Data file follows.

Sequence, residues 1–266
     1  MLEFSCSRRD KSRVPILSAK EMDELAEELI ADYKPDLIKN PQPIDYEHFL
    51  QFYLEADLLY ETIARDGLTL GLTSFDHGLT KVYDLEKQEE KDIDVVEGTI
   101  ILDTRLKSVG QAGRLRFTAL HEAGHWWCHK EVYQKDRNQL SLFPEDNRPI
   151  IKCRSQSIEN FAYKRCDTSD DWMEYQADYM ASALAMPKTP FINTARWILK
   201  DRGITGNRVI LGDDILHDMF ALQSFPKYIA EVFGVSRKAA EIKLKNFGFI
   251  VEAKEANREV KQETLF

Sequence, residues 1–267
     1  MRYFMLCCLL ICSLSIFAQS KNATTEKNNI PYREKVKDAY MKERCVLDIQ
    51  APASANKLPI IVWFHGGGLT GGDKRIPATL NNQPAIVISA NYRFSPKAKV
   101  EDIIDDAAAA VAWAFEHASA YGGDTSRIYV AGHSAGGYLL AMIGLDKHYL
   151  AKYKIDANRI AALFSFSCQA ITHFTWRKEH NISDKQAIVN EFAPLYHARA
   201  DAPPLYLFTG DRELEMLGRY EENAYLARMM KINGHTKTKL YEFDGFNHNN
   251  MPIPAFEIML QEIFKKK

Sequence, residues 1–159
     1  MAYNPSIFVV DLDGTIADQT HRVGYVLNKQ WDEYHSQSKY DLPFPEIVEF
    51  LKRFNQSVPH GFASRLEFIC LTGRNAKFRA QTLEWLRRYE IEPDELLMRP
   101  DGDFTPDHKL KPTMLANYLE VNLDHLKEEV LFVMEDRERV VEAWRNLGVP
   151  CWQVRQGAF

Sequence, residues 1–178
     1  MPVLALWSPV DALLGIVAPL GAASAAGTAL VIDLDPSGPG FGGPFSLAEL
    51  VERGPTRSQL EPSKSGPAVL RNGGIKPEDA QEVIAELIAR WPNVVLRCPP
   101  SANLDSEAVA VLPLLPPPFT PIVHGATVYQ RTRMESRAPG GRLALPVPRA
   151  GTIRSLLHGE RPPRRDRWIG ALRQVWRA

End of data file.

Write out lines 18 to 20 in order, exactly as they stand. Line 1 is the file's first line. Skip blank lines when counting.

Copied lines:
   101  DGDFTPDHKL KPTMLANYLE VNLDHLKEEV LFVMEDRERV VEAWRNLGVP
   151  CWQVRQGAF

Sequence, residues 1–178